“Life was not unlike the wisp of fog that curled around the base of a grave marker, softly caressing the marble before dissolving into the violet shadows of night.”

Opening line of “The Haunting of Bonaventure Circus” by Jaime Jo Wright

Jaime Jo Wright’s lyrical prose adds a whimsical feel to her eerie narrative in “The Haunting of Bonaventure Circus”. Each line lures the reader a little closer and, simultaneously, raises the hair upon the back of one’s neck. A time-split novel, I enjoyed flipping from 1928 to modern day because Jaime does it so effortlessly, the thread weaves elegantly from one time to another linking the mystery at the heart of both.

Pippa is the leading lady of 1928 and her physicality has been judged from birth. Whilst feeling she should be grateful to have a home, she rails internally against the oppressive behaviour of her adoptive father. She longs to spend time at Bonaventure Circus so when an injured newly born elephant responds to her, it begins her journey of finding her inner strength.

In the present day, recently diagnosed with an autoimmune disorder, Chandler is railing against her body and how society, especially her family, will receive the news of the debilitating effect the disorder is having on her. Terrified they’ll take her son from her, she conceals her problems and moves to renovate the old Bonaventure circus train depot. The real estate agent fails to inform her, prior to purchase, of the murder of a young woman in the depot in 1928 or the subsequent disappearance of a young woman decades later. The town believes the depot is haunted and, on her first night, Chandler is called as a neighbour spots a light moving inside. Chandler dismisses mystical intervention and files the case with the police but, over the next few days, strange things keep occurring and she wonders what she’s gotten herself, and her son, into!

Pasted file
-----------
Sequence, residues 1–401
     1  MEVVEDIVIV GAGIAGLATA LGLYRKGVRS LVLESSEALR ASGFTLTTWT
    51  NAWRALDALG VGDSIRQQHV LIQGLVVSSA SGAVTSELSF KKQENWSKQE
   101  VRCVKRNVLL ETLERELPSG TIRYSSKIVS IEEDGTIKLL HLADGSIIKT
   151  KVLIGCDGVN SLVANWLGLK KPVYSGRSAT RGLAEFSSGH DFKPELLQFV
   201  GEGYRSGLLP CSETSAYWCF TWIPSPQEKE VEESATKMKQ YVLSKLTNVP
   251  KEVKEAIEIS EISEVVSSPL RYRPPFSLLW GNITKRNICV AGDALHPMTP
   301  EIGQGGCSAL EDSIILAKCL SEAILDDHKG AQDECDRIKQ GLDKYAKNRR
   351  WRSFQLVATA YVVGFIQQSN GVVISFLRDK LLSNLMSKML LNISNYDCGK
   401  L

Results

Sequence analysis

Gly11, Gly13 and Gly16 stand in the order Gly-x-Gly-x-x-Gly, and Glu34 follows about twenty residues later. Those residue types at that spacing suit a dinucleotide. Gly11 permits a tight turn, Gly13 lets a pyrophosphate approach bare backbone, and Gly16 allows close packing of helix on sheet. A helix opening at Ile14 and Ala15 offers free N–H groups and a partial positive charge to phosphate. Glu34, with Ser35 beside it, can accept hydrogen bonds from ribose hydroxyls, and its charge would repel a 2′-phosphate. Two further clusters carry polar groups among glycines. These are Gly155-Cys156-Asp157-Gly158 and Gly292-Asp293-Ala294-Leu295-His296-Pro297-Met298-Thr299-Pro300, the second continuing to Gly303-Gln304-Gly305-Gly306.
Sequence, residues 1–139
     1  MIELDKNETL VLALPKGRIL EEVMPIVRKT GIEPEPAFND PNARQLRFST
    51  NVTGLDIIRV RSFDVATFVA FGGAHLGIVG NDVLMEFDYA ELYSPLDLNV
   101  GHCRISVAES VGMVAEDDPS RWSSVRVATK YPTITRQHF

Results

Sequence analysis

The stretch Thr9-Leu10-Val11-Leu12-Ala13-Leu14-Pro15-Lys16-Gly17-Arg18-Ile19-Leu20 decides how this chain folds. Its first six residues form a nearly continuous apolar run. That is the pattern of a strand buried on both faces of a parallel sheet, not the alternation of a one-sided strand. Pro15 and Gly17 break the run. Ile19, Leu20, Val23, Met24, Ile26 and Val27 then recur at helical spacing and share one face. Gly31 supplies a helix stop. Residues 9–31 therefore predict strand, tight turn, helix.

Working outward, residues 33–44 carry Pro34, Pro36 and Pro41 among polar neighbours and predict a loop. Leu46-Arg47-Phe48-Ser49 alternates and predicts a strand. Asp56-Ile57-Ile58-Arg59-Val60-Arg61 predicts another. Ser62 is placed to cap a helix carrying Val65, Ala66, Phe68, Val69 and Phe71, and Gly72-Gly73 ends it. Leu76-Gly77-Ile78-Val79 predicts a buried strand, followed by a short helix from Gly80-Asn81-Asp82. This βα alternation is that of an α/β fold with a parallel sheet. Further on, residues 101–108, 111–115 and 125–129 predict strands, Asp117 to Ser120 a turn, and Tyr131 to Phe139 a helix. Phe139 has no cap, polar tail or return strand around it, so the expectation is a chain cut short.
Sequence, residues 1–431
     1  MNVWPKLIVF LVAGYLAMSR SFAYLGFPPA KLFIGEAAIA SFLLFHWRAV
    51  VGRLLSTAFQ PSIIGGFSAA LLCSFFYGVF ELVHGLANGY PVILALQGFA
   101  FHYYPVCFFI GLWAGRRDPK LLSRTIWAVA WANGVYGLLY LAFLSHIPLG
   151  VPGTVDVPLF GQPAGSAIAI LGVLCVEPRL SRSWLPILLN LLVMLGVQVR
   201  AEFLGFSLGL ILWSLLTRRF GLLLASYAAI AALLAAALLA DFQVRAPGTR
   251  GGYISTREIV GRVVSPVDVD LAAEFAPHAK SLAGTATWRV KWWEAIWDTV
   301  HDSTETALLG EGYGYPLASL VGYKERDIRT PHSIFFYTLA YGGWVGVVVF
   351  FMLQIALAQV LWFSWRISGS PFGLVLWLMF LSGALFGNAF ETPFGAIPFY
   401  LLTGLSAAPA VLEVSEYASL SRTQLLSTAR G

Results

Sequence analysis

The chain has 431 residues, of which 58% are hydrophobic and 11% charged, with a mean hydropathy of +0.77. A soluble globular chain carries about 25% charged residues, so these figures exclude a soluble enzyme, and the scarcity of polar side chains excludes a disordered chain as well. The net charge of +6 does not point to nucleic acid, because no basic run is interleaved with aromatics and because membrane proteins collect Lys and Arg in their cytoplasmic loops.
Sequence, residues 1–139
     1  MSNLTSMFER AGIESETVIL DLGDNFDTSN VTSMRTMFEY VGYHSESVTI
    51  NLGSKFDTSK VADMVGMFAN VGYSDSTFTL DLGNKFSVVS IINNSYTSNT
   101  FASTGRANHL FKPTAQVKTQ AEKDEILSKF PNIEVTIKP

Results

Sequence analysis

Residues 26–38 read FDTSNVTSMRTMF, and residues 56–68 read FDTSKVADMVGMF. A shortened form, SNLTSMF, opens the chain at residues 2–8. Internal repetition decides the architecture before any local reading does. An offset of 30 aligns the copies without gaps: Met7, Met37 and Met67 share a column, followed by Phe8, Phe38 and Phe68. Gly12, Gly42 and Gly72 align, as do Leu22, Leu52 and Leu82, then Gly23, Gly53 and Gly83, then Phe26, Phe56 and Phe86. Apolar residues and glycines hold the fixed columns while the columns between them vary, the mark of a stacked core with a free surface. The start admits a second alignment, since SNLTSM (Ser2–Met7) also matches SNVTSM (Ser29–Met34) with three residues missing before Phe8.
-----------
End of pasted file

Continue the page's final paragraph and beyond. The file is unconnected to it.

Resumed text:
I am a huge animal lover so I flinched and read with my eyes “closed” every time one entered the story but, rest assured, the animals are fine! The humans don’t fair quite as well! The murder mystery expands into the hunt for a serial killer and is intriguing, it kept me guessing. Pippa’s father is so well written, I loathed him from the start and wished I could scream “run!” I love the characters of the circus and the town, the smaller characters are beautifully crafted!

I have a chronic pain condition so deeply related to Chandler’s challenges and fears. Jaime Jo has captured the feelings amazingly. She has written the hope of God, the peace only He can give into this story whilst reflecting accurately the struggle it is to live in those promises every day. In the darkness of this story, she finds a way to write an ending of light. There is gentle romance and deep family love which I so enjoyed!

It’s a five out of five on the enJOYment scale and highly recommend this one. But ,be warned! I couldn’t stop reading until I knew who did it!

From the back cover:

The Bonaventure Circus is a refuge for many, but Pippa Ripley was rejected from its inner circle as a baby. When she receives mysterious messages from someone called the “Watchman,” she is determined to find him and the connection to her birth. As Pippa’s search leads her to a man seeking justice for his murdered sister and evidence that a serial killer has been haunting the circus train, she must decide if uncovering her roots is worth putting herself directly in the path of the killer.

Present Day
The old circus train depot will either be torn down or preserved for historical importance, and its future rests on real estate project manager Chandler Faulk’s shoulders. As she dives deep into the depot’s history, she’s also balancing a newly diagnosed autoimmune disease and the pressures of single motherhood. When she discovers clues to the unsolved murders of the past, Chandler is pulled into a story far darker and more haunting than even an abandoned train depot could portend.

I received a complimentary copy of the book from Bethany House Publishers through NetGalley. Opinions expressed in this review are completely my own.

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